What would happen to you financially if you were injured or got sick and were unable to work? Your answer might be, “Well, there’s a government disability program. I’m not really sure what it’s called, but I know it’s there as a backup if I need it.”
Are you sure?
First, let’s cross Workers’ Compensation off the list. This government program covers you only if you get hurt or sick as a result of your job. According to the National Safety Council, 90% of disabilities occur outside the workplace, so chances are you won’t be covered by Workers’ Comp.
Then consider the Social Security Disability Insurance program, which pays disability benefits independent of where the disability occurs.
“Great!” you say. “That’s what I’ll rely on.”
Not so fast.
Did you know that the Social Security Disability Insurance program is on the verge of going bust? As reported in this insurancenewsnet article, “Laid-off workers and aging baby boomers are flooding Social Security’s disability program with benefit claims, pushing the financially strapped system toward the brink of insolvency.” According to congressional estimates, money in the program is due to run out in six years.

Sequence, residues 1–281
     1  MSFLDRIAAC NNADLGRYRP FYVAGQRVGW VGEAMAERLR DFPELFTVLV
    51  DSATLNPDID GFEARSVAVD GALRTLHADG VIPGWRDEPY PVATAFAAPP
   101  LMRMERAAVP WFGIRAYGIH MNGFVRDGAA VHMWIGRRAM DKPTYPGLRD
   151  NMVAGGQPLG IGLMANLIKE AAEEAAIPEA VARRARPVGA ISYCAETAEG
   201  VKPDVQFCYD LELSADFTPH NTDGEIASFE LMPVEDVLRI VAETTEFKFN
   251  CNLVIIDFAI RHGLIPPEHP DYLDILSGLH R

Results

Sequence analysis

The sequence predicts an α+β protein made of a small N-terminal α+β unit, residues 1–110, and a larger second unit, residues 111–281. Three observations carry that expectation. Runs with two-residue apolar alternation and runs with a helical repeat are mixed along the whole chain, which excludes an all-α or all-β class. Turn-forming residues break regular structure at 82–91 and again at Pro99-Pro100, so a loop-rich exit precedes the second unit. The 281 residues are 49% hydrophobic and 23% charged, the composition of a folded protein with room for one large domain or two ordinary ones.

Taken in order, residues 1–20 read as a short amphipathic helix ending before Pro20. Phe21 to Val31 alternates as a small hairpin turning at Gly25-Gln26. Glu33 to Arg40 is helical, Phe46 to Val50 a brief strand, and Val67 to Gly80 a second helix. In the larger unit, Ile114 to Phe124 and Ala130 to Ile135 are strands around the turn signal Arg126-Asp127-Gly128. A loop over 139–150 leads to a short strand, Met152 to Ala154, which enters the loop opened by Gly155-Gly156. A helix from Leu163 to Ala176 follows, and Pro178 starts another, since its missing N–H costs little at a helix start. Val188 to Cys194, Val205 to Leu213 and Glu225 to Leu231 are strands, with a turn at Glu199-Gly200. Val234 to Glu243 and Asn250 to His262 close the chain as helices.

The article goes on to underline a second reason you should not rely on this program: “The stampede for benefits is adding to a growing backlog of applicants—many wait two years or more before their cases are resolved.” (You can read more about this from my post during Disability Insurance Awareness Month this past May.)
Now, a third reason to reconsider relying on the government. The federal government defines a disability very narrowly as “the inability to engage in any substantial gainful activity by reason of any medically determinable physical or mental impairment which can be expected to result in death or has lasted or can be expected to last for a continuous period of not less than 12 months.” There are no benefits for short-term disability or partial disability.
And lastly, if you were to qualify, the average benefit hovers around $1,000. This would give you an annual “salary” that’s below the poverty line.
This should make you rethink your strategy to protect your paycheck in the case of a disability. Just ask yourself this: How long could I go without a paycheck before experiencing financial problems? Then take the next step to learn more about disability insurance.